This article explores the burgeoning academic interest in establishing a critical terrorism studies research programme. It begins by reviewing the debates over definition, causation and response that still dominate mainstream discussions of terrorism. The analytical and normative limitations of these debates, it argues, open considerable space for the emergence of a critically oriented body of literature. A second section then explores two distinct efforts at overcoming these limitations: the broadening and interpretivist faces of critical terrorism studies. The broadening face refers to attempts to expand our understanding of terrorism beyond non-state violence alone, while the interpretivist face comprises critical explorations of terror in image and narrative. Although each of these approaches offers scholars a more engaged role than the problem-solving orientation of the mainstream debates, the article argues that only the interpretivist face is capable of addressing their analytical limitations. The article concludes by calling for further attention to the notion of critique within the relevant critical literature.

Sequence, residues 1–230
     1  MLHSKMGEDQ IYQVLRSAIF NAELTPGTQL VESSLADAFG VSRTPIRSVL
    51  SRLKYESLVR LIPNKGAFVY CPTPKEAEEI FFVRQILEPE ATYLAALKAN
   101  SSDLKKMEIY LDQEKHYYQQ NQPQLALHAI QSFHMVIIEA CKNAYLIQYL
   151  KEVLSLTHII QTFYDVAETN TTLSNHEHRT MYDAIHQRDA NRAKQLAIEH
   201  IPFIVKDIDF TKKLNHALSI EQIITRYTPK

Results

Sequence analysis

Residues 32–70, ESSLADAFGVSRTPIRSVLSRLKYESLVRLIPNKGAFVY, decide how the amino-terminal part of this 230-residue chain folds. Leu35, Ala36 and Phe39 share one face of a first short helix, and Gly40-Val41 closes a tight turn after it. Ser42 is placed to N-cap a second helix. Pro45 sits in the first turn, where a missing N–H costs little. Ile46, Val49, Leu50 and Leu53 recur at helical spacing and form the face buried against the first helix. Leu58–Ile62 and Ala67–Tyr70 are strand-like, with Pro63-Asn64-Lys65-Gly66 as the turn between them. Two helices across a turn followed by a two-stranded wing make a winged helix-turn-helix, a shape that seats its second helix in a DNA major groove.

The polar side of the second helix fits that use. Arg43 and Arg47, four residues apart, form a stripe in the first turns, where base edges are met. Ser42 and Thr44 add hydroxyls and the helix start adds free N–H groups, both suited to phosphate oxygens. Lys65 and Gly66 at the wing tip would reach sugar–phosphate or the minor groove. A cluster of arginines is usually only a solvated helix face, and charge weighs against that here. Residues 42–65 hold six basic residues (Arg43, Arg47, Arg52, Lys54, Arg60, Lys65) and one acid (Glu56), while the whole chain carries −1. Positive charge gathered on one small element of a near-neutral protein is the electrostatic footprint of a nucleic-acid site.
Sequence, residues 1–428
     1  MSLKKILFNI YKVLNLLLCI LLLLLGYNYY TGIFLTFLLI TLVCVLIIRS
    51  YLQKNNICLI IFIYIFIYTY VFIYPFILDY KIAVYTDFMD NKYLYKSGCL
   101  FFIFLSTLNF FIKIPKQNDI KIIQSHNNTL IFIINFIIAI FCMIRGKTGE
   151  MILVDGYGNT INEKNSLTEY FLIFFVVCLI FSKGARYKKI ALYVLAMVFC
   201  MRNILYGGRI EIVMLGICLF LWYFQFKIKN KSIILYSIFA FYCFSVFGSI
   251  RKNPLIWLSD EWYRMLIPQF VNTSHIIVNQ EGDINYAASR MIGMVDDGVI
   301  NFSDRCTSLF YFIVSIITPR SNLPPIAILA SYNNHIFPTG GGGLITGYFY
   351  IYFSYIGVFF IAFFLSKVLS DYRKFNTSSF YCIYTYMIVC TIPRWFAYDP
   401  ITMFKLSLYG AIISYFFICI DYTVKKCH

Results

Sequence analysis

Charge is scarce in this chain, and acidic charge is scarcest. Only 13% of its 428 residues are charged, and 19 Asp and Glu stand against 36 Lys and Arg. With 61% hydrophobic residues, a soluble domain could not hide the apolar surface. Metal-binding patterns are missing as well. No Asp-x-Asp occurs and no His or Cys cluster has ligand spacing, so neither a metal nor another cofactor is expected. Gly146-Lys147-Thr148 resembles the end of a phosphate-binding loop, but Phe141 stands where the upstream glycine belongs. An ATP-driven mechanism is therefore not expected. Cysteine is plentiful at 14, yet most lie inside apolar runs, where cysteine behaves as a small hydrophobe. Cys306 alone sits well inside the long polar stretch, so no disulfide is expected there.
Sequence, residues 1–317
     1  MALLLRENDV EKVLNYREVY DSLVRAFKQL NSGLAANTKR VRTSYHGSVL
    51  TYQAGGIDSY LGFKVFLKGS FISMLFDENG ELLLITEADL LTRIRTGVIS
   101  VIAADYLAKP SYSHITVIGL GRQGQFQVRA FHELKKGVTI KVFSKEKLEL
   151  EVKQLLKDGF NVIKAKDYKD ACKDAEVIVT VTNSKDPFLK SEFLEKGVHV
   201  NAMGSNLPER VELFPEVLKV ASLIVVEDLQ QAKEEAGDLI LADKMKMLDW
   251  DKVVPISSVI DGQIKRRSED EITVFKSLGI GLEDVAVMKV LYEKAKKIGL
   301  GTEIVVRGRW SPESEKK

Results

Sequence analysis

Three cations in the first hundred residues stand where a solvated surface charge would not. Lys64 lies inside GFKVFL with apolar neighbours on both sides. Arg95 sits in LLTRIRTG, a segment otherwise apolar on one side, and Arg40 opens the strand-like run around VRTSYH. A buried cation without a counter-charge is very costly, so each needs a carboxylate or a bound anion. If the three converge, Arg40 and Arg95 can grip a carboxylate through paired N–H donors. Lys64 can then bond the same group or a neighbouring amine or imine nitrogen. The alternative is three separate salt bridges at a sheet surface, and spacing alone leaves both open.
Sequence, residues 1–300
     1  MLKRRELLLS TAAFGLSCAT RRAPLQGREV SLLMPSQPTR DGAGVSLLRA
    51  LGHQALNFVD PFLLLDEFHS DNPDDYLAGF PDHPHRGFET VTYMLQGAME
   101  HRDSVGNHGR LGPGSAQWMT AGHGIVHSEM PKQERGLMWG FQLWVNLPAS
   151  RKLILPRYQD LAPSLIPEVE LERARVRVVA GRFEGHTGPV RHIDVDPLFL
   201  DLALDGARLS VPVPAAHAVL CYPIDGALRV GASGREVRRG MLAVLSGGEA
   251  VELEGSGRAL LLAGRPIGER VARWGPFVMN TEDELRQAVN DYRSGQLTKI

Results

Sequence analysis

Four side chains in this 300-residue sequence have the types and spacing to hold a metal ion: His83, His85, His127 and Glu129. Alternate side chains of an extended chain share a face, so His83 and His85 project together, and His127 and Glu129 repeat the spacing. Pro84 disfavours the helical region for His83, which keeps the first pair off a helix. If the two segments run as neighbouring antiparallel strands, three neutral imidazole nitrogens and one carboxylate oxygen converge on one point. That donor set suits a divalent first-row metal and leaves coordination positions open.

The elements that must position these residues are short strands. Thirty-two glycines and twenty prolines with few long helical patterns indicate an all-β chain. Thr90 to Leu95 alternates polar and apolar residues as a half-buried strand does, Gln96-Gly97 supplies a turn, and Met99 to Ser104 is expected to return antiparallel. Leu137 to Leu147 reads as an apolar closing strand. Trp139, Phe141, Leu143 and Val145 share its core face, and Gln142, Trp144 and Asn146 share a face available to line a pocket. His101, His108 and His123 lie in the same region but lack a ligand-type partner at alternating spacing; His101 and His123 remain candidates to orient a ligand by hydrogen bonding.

|Number of pages||23|
|Publication status||Published - Feb 2009|
- critical terrorism studies
- terrorism studies
- critical theory